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"The investment required in a sports channel can be huge, but we've taken each step slowly and so far successfully"

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MUMBAI: It's certainly been quite a year. Twelve months ago, I was at IMG-TWI in Delhi, where I'd been for the past 8 years in a firm that had dominated the Indian sports business since the early 90s. Three months later and I'd dragged wife and dogs to Dubai for the launch of a new sports channel, which kicked off on 1 April 2002 and has been surprising people ever since.

It was great to see the survey that placed us above ESPN-Star for ratings in the March-November period (2002) despite two Indian tours being "on the opposition". Particularly amazing when you consider how few people were there for our launch in April, but we certainly caught the public's imagination quickly with three key products - WWE, which brought consistently excellent daily ratings both for its afternoon and evening slots, live cricket from Sharjah, Morocco and Sri Lanka and of course the soccer world cup.



    

"We're well aware that we'll be judged in the public perception primarily by the fortunes and content of Ten Sports"        

In many ways the soccer World Cup illustrated the best and worst of the industry in India - it was a huge success in terms of public and advertiser perception but we were permanantly attacking illegal world cup broadcasts from Indonesian, Chinese and other channels. India remains a country where a new channel can rise dramatically based on quality content, but where the lack of regulation in the market - particularly with regard to subscriber declarations - remains the major drawback. Hopefully CAS (conditional access system) will be the solution that everyone needs.

Now we look ahead to 2003 with a fair amount of confidence. A quality cricket line-up with live events throughout the year from Sharjah, Sri Lanka, Morocco and beyond. Live hockey, football and tennis from across the world. Advertiser revenue has picked up as distribution has stabilised, viewing figures continue to grow and finally we're on all over Mumbai !

It's appropriate then that our key content for the start of 2003 is based in Mumbai. We've again broken new ground with the telecast of the Indian horse racing. Just two weeks into the long-term arrangement, the feedback is already exceeding all expectations as finally racing in India is taken to the level of exposure that the sport demands across the world. We've also invested in the top international races (from the Dubai world cup to the top English races) so that we can show the image and the potential of the sport worldwide alongside the traditions of Mumbai.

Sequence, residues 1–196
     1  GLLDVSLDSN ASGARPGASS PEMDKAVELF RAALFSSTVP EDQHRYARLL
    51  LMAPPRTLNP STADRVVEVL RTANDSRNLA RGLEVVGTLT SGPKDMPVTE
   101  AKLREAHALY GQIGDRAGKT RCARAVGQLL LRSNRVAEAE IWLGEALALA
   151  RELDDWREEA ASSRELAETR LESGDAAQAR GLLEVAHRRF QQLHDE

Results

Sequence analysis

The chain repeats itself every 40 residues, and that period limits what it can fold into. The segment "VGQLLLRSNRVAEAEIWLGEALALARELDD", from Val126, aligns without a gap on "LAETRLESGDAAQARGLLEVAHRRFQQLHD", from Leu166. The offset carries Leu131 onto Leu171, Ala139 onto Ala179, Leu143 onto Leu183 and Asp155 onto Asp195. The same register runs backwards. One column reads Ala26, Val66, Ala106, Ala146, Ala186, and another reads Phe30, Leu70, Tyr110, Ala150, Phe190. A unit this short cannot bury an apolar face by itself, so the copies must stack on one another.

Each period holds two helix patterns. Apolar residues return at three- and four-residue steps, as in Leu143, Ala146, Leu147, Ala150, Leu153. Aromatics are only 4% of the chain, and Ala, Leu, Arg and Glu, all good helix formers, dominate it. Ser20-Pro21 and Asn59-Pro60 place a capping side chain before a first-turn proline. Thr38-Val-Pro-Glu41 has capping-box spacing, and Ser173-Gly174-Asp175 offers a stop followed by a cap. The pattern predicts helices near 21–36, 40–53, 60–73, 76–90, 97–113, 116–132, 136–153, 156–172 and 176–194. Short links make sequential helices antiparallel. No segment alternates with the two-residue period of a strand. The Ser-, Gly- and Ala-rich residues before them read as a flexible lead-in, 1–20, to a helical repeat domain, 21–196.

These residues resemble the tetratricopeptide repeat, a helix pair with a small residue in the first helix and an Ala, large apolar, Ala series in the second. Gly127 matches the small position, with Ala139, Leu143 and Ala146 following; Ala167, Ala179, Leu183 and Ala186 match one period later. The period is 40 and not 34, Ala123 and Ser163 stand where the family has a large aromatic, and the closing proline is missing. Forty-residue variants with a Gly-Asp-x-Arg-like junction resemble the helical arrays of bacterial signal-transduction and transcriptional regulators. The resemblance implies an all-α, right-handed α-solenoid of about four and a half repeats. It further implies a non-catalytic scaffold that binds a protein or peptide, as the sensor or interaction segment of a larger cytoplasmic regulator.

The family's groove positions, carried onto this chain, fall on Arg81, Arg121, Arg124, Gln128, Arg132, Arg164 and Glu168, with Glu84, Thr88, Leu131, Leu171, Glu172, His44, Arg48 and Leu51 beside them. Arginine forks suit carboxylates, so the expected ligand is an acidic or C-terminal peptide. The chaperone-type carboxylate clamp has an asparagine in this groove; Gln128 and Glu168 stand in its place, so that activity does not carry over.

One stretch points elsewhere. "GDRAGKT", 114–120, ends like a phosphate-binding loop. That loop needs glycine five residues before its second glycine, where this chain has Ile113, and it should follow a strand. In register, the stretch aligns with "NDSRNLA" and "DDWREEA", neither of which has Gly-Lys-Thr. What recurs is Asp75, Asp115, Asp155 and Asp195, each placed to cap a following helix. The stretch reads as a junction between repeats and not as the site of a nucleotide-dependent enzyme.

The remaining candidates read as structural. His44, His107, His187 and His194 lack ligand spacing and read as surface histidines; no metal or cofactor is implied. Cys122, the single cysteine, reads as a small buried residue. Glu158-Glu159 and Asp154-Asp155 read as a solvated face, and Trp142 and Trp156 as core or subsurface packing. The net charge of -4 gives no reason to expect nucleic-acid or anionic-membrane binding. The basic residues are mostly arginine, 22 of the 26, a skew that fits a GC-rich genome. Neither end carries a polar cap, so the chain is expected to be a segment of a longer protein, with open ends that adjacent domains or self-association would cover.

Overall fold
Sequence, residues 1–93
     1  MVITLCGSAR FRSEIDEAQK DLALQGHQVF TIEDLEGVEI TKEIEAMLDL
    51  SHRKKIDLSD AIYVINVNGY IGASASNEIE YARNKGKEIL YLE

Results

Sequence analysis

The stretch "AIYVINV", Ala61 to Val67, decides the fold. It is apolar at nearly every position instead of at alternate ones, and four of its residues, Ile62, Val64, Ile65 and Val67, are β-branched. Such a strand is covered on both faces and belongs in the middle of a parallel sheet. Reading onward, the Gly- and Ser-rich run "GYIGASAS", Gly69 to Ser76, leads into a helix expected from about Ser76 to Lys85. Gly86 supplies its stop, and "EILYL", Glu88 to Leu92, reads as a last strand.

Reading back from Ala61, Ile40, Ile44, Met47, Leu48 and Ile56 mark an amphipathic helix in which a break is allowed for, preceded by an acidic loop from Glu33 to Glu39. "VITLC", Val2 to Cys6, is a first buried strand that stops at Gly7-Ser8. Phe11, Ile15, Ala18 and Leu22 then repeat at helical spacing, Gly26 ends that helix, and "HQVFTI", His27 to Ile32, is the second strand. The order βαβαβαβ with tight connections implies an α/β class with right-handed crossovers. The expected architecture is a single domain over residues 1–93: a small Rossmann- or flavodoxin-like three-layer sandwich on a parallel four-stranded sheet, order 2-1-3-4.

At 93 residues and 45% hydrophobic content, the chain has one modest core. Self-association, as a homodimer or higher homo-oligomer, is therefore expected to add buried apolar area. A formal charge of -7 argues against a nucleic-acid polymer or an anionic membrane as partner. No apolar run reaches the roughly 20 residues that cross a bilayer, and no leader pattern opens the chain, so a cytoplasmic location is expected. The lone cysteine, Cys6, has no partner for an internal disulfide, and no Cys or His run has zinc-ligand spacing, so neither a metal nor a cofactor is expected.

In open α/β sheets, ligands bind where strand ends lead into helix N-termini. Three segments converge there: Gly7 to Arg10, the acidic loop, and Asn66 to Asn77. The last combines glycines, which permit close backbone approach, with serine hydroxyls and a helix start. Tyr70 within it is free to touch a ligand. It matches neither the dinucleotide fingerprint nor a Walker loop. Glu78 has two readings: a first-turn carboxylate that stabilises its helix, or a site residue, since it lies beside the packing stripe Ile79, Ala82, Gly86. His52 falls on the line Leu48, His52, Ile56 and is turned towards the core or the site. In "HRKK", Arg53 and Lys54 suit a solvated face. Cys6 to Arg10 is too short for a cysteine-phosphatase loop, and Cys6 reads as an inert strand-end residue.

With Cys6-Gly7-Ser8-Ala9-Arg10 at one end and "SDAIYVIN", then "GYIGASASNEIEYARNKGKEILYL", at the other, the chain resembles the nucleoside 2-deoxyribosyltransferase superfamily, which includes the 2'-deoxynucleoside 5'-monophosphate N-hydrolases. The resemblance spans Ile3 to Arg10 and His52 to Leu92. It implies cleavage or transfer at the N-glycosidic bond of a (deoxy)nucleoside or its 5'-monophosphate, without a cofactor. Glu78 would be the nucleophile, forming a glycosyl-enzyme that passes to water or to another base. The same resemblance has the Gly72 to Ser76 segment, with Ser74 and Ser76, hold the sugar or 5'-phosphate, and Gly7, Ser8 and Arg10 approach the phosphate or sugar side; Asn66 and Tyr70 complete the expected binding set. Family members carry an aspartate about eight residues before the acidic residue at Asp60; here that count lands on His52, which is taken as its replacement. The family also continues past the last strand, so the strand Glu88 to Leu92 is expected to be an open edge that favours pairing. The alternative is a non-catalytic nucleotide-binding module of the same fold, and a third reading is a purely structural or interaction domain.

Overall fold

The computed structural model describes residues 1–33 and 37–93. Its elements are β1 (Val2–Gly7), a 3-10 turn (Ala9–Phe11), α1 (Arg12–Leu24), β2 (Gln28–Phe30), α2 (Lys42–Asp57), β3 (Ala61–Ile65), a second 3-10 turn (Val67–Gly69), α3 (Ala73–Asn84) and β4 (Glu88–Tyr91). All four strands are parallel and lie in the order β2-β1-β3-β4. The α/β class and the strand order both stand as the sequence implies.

In many ways, deciding on content for an Indian sports channel is not a particularly difficult job. You obviously want quality cricket played in the right time zones and the handful of international sports events that command respect in India. The challenge is to build a fixed schedule of regular programming and high quality packaging that can deliver audience figures week in and week out, earning the respect of cable operators, advertisers and above all viewers. The fact that we've done just that only eight months after launching is the biggest credit to the team of people that Chris McDonald assembled in Dubai.

Indians who took the gamble to leave settled jobs and often leave their families to come and work for Ten Sports in Dubai deserve credit for having the guts to join a start up operation, but now they can see that we are an established part of the Indian TV landmark thanks to their efforts. Our business model is an interesting one, combining the roles of broadcaster (Ten Sports) with event organiser (Sharjah, Morocco cricket), syndication outfit (selling cricket and other programming around the world) and production company (renting out staff and facilities for content that is not necessarily to be used on the channel). However, we're well aware that we'll be judged in the public perception primarily by the fortunes and content of Ten Sports.

When we launched, people questioned the need for "another" sports channel in India, but the audience figures prove not only that there was room, but also that sport touches the heart of an audience week in, week out, in a "must have" way that other channels, and other bouquets can only dream about. The investment required in a sports channel can be huge, but we've taken each step slowly and so far succesfully. 2003 presents a lot of challenges for us, but our programming line-up is looking much better and I'm sure it'll be interesting!

(The author is the vice-president, programming and events of Ten Sports. The ideas expressed here are his personal ones and indiantelevision.com need not necessarily endorse them.)

Please note that this column was sent in the last week of December 2002.

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